might happen to be somewhere else isn't especially important. You can
exceed it without breaking any fundamental laws. The results can
certainly look wierd to a bystander, and it might look as if signals
have impossible broken though what ought to be a horizon, but that's
where the "Hawking radiation" descriptions kick in. "Acoustic metric"
horizons aren't smooth like their GR counterparts, they seethe and
fluctuate according to whatever else happens to be going on in the
region, and that fluctuation is what lets them radiate.

In an acoustic metric, the presence of signals in a region affects the
region's signal-transmission speeds, so these things can be desperately
non-linear. If you have a high-mass particle with a lot of momentum,
travelling at almost the speed of light, it can create a local
distortion around it that means that the nearby velocity of light is
then greater in that region, in the direction that the particle is
moving (essentially, it drags local lightspeeds). If that heavy particle
then throws off a cloud of lightweight daughter-particles without
slowing down too much, those teeny daughter particles can be initially
emitted at more than /background/ c without travelling at more than
/local/ c. The gravitomagnetic distortions warp the geometry and the
definitions of speed and distance.
It might be that the daughter-particles "brake" once they've left the
influence of their parent, but for that short time they could outrun
"bulk" background lightsignals in the region (although not their own).
If the particle-creation event coincided with the generation of an EM
pulse, then any daughter-particles that had slowed back to fractionally
less than cBACKGROUND would still have a head-start on the main body of
the pulse, and arrive early (although not necessarily by an amount that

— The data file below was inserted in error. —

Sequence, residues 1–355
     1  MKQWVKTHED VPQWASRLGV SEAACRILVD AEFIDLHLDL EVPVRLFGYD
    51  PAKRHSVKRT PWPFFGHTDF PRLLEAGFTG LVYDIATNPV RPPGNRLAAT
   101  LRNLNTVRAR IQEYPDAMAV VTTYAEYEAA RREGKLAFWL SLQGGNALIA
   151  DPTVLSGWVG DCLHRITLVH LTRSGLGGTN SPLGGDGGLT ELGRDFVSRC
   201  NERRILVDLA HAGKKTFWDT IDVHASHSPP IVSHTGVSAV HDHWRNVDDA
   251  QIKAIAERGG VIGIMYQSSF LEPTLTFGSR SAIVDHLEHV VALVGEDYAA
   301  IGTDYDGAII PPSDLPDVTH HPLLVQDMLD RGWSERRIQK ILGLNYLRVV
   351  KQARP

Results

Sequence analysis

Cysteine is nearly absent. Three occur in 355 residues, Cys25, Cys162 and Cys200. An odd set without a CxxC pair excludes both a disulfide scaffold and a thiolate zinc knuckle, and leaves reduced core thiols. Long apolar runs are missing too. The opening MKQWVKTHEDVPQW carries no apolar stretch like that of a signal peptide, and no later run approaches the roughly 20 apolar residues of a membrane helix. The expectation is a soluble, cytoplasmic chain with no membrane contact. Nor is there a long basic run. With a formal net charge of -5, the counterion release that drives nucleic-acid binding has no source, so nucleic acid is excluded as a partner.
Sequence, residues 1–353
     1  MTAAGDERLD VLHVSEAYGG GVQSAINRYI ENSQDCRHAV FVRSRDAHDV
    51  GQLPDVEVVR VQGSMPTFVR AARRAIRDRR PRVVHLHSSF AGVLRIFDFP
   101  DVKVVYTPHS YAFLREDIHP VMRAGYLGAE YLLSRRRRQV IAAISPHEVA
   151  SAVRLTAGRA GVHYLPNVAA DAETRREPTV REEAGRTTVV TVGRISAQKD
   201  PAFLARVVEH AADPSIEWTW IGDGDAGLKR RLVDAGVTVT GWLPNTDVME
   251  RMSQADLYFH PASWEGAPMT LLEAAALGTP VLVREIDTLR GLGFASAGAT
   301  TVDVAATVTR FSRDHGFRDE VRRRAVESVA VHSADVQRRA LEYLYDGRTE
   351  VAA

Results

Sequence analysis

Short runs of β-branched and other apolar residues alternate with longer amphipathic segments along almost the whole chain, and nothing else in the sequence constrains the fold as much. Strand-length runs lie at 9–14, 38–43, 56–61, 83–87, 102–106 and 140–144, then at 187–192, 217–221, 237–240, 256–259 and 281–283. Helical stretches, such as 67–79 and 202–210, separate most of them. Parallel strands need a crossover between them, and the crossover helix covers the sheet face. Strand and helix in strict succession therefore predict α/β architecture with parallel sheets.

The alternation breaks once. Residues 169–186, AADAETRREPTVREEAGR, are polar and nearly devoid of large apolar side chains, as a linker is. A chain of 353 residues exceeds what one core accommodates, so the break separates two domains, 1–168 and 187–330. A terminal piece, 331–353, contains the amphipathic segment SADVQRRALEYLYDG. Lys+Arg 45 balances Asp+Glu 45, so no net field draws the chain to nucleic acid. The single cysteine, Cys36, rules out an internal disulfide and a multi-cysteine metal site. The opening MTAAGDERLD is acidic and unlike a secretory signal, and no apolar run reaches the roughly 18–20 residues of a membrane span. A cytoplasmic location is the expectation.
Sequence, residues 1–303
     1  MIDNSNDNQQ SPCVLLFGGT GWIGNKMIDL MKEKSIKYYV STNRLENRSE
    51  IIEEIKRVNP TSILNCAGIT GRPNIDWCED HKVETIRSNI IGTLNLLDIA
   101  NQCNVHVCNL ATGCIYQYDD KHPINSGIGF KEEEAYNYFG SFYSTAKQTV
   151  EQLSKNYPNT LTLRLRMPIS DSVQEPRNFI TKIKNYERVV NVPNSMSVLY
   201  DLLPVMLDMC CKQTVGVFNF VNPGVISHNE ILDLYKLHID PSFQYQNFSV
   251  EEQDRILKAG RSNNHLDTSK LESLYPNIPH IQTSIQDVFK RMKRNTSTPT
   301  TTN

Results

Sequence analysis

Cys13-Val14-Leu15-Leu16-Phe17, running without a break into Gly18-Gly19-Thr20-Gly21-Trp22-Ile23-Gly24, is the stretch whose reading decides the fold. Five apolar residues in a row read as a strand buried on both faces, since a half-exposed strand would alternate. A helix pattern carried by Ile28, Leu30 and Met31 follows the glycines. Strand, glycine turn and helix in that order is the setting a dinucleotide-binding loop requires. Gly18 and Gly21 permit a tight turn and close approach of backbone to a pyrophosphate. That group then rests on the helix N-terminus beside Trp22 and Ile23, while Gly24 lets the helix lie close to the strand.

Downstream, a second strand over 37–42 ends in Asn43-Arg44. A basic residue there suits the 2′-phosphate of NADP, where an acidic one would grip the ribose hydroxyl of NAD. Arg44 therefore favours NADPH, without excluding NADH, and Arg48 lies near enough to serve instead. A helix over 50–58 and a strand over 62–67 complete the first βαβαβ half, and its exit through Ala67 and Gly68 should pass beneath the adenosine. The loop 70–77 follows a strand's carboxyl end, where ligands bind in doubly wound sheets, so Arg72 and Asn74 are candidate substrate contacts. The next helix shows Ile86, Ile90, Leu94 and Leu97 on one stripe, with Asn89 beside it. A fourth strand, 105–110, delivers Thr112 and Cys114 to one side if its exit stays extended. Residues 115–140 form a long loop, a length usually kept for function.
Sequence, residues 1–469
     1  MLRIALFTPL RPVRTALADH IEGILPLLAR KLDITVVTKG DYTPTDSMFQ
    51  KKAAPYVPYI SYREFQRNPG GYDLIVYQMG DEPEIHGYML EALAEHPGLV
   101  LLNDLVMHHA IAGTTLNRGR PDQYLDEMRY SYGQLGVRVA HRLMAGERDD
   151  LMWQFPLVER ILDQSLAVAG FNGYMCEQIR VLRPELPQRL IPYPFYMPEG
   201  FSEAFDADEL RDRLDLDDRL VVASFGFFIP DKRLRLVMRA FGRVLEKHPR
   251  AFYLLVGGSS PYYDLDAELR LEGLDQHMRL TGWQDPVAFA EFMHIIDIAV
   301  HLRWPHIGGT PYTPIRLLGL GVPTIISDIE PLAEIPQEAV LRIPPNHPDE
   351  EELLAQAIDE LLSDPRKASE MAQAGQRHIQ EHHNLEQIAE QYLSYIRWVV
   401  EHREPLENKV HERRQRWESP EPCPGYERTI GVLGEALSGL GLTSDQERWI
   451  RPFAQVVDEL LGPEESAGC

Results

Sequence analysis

scaled with the path distance).

It seems to me that this behaviour that we "knew" couldn't really be
right, and which we only invoked as "toy" behaviour as a way of
generating the same basic statistical "leaky horizon" behaviour as
Hawking radiation, may now have been seen for real at OPERA.
What we have is very heavy parent particles smashing into a target and
producing exceptionally lightweight daughter particles (in this case,
neutrinos), which then arrive at our detector too early. We also have
(in the case of naturally-occurring neutrino bursts), an example of
lightweight daughter-particles produced in highly energetic situations
arriving ahead of the main EM wavefront, but seemingly not by an amount
that scales with distance.

On the face of it, the behaviour that we've just been seeing at OPERA
(and which confuses us so much), appears to be a pretty decent match to
what we'd expect to see if the acoustic metric concepts that the Quantum
Gravity guys were looking at aren't just a theoretical toy, but are
actually the real, actual, underlying physics.

so, I was wondering ... are any groups in the "quantum gravity" /
"acoustic metric" research community out there looking at this and
investigating whether, by picking on AMs as a "disposable" interim
model, they might have accidentally hit on the final solution, perhaps
without fully appreciating it?

That would be awfuly cool.

Eric Baird (often online as "ErkDemon")